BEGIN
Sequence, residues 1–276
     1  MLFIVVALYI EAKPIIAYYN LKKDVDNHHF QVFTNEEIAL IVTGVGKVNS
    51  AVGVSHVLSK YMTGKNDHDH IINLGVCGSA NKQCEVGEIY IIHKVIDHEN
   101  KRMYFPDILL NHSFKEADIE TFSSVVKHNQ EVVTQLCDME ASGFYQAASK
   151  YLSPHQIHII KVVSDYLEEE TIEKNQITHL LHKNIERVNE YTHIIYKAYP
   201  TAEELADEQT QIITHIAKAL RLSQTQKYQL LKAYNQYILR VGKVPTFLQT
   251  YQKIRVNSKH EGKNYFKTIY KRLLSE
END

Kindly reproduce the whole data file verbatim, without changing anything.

Sequence, residues 1–276
     1  MLFIVVALYI EAKPIIAYYN LKKDVDNHHF QVFTNEEIAL IVTGVGKVNS
    51  AVGVSHVLSK YMTGKNDHDH IINLGVCGSA NKQCEVGEIY IIHKVIDHEN
   101  KRMYFPDILL NHSFKEADIE TFSSVVKHNQ EVVTQLCDME ASGFYQAASK
   151  YLSPHQIHII KVVSDYLEEE TIEKNQITHL LHKNIERVNE YTHIIYKAYP
   201  TAEELADEQT QIITHIAKAL RLSQTQKYQL LKAYNQYILR VGKVPTFLQT
   251  YQKIRVNSKH EGKNYFKTIY KRLLSE